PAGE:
Te Ao Hou: Contemporary Maori Issues
This course examines contemporary issues Māori face as tangata whenua in a national sense and as indigenous people in a global sense. Drawing on a critical indigenous studies approach this course will look at issues pertaining to various aspects of Māori society, culture, politics and identity.
As an educator and activist researcher I committed to addressing social justice issues for Māori and indigenous communities marked by intergenerational transfer of social inequalities. Negative social indicators must be attended to, but teaching and research practices should not normalise them. Instead, we should seek culturally sound, evidence-informed engagement and solutions.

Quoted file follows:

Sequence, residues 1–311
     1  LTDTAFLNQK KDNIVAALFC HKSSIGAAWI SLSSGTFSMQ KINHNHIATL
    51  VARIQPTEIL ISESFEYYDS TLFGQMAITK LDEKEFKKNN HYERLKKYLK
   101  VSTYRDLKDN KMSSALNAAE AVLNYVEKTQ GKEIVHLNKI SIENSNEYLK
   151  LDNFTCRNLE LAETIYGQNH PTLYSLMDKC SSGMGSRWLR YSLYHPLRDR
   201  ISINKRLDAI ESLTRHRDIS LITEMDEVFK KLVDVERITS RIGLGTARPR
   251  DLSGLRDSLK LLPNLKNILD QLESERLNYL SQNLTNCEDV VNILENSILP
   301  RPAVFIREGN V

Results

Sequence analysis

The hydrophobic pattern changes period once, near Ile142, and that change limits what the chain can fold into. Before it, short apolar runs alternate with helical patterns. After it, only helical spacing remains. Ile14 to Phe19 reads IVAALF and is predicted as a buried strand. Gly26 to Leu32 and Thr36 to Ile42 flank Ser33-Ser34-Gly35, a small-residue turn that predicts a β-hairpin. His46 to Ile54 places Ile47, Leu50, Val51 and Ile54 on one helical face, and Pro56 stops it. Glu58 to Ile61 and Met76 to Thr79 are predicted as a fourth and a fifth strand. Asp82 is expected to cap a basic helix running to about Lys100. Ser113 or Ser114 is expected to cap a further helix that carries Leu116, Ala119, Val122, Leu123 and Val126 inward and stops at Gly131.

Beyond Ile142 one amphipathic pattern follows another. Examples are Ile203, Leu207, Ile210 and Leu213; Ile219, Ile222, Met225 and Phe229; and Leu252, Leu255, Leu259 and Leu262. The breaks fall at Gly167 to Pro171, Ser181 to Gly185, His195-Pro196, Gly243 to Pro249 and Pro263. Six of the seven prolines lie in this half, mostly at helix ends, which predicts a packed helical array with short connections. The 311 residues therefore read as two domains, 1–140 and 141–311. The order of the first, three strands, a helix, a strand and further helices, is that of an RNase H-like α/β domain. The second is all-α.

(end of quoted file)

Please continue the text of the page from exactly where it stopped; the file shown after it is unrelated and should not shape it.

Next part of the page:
This involves recognition of the strengths, aspirations and knowledge that resides within communities. Working with and learning from communities in order to ensure critical, ethical, high quality research practice is important. Students will be encouraged to develop an appreciation of contemporary trends in Māori culture and society, and an understanding of theories and methodologies that explore the Māori world through an indigenous framework.
Coordinator(s) Associate Professor Tracey McIntosh
MAORI 330: 15 points
30 points at Stage II